Three new navigation design patterns
Over the past few months I conducted an audit of the patterns in Yahoo!'s internal design pattern library, with an eye toward publishing as many of them as possible in the open library at YDN. Why? Well, for one thing, to get more eyeballs on them, to gather more feedback and keep improving the patterns. Also, since very few patterns in the library contain Yahoo!-specific information, and an alternative process is now in place for vetting requirements specific to the Yahoo! network and brand components, the design pattern collection can now more easily focus on (relatively) universal design principles for web implementations.
I completed the audit before the end of last year and expect to release new patterns in batches over the next few months. Some patterns will be mature and provide a solid foundation for site design. A few will be published as beta patterns which may undergo significant changes in subsequent updates based on feedback received. Regardless of their status, we hope you’ll get involved and review and provide feedback on the patterns provided.
The first batch of patterns to come out from the audit relates to navigation bars. There are three patterns so far in this grouping: Top Navigation, Left Navigation, and Progress Bar. One legitimate question is whether top and left nav bars are still the best or most current way to navigate a site and find content? We still find many examples of them across the web and in use at Yahoo! so for now I'll say yes, but it's worth thinking about.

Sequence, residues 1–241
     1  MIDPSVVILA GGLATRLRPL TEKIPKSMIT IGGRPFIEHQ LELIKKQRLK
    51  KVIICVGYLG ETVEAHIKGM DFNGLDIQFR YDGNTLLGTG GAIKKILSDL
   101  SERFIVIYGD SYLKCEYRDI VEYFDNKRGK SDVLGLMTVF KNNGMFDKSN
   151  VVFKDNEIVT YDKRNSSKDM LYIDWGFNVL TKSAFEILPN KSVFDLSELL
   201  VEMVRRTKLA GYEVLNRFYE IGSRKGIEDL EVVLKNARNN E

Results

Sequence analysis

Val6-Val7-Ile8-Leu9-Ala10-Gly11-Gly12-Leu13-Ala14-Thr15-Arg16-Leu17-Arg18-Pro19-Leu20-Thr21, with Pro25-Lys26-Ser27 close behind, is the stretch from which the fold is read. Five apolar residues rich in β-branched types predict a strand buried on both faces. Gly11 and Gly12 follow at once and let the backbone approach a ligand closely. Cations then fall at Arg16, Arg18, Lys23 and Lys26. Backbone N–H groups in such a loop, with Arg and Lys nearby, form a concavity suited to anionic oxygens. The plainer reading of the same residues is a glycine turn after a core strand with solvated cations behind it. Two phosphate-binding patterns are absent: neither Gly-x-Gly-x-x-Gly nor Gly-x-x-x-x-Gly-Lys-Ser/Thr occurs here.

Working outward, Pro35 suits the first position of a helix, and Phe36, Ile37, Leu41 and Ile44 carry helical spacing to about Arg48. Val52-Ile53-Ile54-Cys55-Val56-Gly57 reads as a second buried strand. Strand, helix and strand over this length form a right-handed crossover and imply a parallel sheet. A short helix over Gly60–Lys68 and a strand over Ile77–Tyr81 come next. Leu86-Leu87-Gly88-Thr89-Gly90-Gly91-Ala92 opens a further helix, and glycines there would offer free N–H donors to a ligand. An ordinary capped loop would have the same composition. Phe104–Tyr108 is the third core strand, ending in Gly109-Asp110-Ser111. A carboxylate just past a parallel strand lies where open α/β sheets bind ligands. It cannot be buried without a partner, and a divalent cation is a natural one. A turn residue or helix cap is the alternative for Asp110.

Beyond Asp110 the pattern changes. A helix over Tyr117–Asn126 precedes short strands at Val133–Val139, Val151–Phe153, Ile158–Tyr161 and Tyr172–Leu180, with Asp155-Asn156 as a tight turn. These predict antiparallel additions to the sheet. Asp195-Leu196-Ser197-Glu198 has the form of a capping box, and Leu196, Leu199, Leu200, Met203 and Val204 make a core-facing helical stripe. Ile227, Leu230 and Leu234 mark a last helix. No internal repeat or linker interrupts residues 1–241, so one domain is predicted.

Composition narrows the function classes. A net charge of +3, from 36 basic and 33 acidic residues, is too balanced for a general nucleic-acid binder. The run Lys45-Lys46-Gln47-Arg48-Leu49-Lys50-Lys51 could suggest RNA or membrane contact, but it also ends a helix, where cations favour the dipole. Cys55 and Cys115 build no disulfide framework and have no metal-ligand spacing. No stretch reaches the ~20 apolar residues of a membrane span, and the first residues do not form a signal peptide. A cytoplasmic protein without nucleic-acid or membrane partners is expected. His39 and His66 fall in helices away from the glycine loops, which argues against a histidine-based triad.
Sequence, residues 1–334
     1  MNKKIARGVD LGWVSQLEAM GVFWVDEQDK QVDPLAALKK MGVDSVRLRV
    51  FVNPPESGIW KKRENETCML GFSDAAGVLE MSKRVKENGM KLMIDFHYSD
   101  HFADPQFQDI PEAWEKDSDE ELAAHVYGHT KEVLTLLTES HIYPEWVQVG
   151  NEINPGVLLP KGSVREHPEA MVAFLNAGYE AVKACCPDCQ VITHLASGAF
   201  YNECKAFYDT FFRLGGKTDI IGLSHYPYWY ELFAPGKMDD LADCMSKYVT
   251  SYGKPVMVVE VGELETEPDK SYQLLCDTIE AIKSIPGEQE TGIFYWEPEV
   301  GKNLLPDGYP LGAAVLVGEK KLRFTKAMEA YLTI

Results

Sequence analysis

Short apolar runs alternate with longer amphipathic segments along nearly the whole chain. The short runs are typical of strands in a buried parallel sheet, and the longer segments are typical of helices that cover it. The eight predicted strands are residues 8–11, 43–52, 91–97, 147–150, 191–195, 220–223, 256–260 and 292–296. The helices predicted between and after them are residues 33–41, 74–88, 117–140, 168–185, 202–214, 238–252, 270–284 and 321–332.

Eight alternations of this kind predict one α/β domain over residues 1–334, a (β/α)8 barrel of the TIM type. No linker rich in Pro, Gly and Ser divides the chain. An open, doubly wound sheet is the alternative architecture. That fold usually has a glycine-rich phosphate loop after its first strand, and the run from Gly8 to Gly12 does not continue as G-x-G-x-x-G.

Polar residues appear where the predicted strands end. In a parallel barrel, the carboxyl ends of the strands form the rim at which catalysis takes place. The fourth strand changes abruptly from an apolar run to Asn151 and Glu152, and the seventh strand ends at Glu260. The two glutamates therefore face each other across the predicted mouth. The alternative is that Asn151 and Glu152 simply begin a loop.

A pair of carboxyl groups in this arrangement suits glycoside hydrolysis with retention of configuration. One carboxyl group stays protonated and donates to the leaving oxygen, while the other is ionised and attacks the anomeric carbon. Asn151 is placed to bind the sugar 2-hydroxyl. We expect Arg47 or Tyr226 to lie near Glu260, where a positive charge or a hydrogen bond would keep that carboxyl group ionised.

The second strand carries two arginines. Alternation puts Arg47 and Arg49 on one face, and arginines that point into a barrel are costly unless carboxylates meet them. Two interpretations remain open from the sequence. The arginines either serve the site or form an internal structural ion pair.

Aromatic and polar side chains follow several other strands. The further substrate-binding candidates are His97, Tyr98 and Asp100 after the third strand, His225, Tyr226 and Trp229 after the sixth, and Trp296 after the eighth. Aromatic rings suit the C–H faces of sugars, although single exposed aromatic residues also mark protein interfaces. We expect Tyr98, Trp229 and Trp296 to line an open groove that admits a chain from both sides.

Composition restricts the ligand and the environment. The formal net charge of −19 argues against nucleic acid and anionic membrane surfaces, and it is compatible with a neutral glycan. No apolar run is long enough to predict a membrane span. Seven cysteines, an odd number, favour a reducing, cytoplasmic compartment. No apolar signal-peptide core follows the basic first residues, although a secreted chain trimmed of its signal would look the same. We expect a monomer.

Wherever possible I try to link patterns back to the YUI Library and, where appropriate, to other code and implementation solutions. YUI has great support for navbars and menu examples. Probably the best place to start is the menu widget.
One interesting nomenclature issue we studied was the distinction between a stepwise progress indicator (which is what the pattern is about) and a continuous progress bar (for which there's a great YUI example). These two things are often referred to with similar names, but perform different functions. Suggestions for more appropriate terminology are welcome.
Please check out these new patterns and let us know what you think!